The Usu­al Uncer­tain­ties: Stories 

  • Review
By – March 23, 2020

Not try­ing to resolve con­tra­dic­tions with­in char­ac­ters is usu­al­ly a good idea,” Jonathan Blum said in a recent inter­view with Michael Sil­verblatt on KRCW’s Book­worm. In his debut col­lec­tions of short sto­ries, The Usu­al Uncer­tain­ties, Blum sticks to his advice; the dis­par­i­ty between his char­ac­ters’ thoughts and actions in this long await­ed col­lec­tion makes for engag­ing reads and deeply human stories.

Over the course of twelve sto­ries all writ­ten in a sparse style, The Usu­al Uncer­tain­ties plays with a wide range of nar­ra­tive struc­tures. The fifth sto­ry, I Should Have, Believe Me, All This, The Way I’m Doing It Now,” is told from the per­spec­tive of a men­tal­ly ill man who con­sis­tent­ly stum­bles over his words and his thoughts as he tries to tell his life sto­ry, specif­i­cal­ly the sto­ry of his mar­riage; the tenth sto­ry in the col­lec­tion, Week­ly Sta­tus Report”, is sole­ly com­prised of a newslet­ter writ­ten for a com­pet­i­tive Scrab­ble club, describ­ing the lives of the mem­bers from their chap­ter; and the eleventh sto­ry, A Con­fes­sion in the Spir­it of Open­ness Right from the Begin­ning,” is an email writ­ten by a neu­rot­ic, love-sick man, to the woman he just went out on a sec­ond date with, detail­ing his hes­i­ta­tions through the date and the rea­sons for his hes­i­ta­tions. Hav­ing all these dif­fer­ent nar­ra­tive struc­tures makes it so that each sto­ry feels whol­ly sep­a­rate from the oth­ers, while still, the­mat­i­cal­ly, allow­ing them to speak to one another.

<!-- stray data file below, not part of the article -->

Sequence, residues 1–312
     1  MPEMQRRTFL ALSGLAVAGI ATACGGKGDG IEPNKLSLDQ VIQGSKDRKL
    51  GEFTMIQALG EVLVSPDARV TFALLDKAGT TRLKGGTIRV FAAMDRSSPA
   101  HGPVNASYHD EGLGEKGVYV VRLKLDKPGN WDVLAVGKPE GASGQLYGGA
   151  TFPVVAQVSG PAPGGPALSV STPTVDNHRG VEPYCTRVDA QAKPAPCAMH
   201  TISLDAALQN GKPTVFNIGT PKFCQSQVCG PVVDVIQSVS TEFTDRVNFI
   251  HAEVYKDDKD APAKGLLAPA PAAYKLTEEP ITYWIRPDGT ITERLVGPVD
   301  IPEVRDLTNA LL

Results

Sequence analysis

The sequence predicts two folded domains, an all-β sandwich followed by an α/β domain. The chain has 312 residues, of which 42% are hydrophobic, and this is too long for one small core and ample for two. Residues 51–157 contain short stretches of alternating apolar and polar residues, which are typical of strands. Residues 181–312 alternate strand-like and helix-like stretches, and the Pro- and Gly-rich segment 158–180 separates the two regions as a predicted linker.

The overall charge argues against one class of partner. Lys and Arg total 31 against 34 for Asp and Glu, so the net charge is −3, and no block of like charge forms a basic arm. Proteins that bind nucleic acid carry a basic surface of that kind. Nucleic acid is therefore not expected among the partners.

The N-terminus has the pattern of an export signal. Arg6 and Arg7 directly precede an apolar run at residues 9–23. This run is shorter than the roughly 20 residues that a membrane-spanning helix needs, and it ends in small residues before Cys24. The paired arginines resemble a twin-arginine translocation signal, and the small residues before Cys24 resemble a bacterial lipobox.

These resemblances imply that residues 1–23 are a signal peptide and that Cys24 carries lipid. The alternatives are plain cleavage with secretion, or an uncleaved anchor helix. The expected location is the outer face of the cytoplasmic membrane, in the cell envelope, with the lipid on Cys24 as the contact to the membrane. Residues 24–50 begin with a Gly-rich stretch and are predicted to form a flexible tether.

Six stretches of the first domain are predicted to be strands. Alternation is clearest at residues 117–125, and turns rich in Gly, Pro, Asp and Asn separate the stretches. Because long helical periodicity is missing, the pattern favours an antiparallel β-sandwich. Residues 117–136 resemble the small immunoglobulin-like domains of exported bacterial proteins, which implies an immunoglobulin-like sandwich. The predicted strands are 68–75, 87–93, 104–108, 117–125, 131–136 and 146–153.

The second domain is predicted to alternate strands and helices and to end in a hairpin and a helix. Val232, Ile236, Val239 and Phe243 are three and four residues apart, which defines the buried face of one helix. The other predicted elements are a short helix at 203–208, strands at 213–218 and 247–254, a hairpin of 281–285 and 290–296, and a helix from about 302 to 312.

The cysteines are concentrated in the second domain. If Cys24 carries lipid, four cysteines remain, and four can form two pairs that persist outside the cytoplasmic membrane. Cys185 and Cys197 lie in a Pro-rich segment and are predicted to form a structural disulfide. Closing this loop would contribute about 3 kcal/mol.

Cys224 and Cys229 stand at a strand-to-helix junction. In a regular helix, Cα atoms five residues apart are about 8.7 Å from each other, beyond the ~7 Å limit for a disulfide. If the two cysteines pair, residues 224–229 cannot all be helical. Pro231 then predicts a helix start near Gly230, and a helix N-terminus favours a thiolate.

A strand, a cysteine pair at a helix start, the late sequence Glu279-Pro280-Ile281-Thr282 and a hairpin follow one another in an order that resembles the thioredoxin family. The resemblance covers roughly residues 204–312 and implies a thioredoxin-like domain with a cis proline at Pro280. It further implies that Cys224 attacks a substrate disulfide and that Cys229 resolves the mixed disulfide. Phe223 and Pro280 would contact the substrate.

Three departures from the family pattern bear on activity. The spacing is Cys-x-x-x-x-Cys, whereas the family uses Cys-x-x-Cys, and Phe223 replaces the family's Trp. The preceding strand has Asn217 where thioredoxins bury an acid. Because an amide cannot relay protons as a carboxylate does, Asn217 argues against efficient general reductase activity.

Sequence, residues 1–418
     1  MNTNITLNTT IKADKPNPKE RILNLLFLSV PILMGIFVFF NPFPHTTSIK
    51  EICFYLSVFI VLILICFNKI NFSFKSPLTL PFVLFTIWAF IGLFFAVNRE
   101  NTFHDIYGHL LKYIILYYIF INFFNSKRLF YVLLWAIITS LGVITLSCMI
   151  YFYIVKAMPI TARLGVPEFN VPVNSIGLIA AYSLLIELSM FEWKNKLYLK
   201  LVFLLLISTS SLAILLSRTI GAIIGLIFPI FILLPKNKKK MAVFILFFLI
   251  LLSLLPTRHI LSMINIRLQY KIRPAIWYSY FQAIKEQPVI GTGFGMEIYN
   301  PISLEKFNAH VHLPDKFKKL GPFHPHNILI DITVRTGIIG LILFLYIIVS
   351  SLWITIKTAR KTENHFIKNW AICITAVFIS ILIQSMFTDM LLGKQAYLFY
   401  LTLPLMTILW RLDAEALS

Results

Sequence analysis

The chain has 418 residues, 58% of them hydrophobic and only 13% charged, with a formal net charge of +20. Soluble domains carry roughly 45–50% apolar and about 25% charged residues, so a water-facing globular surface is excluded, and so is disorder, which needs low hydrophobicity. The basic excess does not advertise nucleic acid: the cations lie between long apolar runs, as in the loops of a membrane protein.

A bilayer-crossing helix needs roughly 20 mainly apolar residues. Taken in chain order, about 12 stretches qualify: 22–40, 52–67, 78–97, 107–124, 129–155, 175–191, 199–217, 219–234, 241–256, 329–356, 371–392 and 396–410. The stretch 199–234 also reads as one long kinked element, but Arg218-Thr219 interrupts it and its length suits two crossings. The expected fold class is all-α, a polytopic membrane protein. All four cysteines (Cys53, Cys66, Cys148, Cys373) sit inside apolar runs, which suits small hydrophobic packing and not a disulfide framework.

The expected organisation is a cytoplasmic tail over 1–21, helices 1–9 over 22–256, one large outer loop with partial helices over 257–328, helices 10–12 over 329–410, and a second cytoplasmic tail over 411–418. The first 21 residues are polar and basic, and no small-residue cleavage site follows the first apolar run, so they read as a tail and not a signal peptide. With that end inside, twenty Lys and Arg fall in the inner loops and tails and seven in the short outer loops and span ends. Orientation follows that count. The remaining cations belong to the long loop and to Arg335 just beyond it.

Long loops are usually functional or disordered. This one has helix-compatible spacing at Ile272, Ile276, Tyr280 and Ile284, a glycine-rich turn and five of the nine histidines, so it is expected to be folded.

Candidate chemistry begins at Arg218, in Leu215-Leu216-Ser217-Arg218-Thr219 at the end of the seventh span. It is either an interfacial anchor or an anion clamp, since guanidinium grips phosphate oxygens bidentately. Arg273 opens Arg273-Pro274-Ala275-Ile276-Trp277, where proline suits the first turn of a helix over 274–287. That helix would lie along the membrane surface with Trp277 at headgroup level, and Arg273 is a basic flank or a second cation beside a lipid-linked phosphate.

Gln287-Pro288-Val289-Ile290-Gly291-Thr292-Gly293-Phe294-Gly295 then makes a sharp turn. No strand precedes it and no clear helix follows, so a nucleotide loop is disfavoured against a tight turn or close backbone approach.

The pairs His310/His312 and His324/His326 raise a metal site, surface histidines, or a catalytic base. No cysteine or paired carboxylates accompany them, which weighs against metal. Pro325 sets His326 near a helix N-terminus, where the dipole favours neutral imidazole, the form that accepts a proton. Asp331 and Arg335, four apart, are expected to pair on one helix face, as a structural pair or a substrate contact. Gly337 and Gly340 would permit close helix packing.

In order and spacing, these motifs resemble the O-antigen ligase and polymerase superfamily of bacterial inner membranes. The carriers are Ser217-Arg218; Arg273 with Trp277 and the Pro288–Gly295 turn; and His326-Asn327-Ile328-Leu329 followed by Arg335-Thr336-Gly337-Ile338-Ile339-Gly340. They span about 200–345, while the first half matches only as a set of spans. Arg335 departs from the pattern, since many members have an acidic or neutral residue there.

Sim­i­lar­ly, The Usu­al Uncer­tain­ties depicts a wide range of char­ac­ters, many of whom strug­gle with step­ping into new stages of life. In Roger’s Square Dance Bar Mitz­vah,” Roger, the old­est child in a fam­i­ly of five whose father has run off, falls deep into reli­gion to deal with the absence; the nar­ra­tor, Roger’s younger broth­er, is both sym­pa­thet­ic and not, mock­ing his brother’s reli­gious prac­tices at times, and being under­stand­ing at oth­ers: For a light-head­ed sec­ond I thought I grasped the nature of the reli­gious impulse that resided in my broth­er Roger — that maybe he did not mean to be inscrutable and scorn­ful, even if he intend­ed to be out of reach.” In Dig­ni­ty Shores,” the final sto­ry in The Usu­al Uncer­tain­ties, the nar­ra­tor tries to inter­vene on behalf of an elder­ly cou­ple who receive appalling­ly lack­lus­ter treat­ment from their aide. And in The Kind of Lux­u­ries We Felt We Deserved,” a young boy that’s fall­en for his soon-to-be ex-step-sis­ter tries to nav­i­gate his father’s attempt at mov­ing out of his wife’s home.

Ulti­mate­ly, The Usu­al Uncer­tain­ties show­cas­es sit­u­a­tions with­out obvi­ous right or wrong options, as is often the case in life. The char­ac­ters’ attempts at find­ing peace in their ambigu­ous sit­u­a­tions, while simul­ta­ne­ous­ly being uncer­tain of what peace may look like, makes for rich sto­ries that the read­er will be think­ing about long after they put the book down.

Ben­jamin Selesnick lives and writes in New Jer­sey. His writ­ing has appeared in decomP, Lunch Tick­et, San­ta Fe Writ­ers’ Project Quar­ter­ly, and oth­er pub­li­ca­tions. He holds an MFA in fic­tion from Rutgers-Newark.

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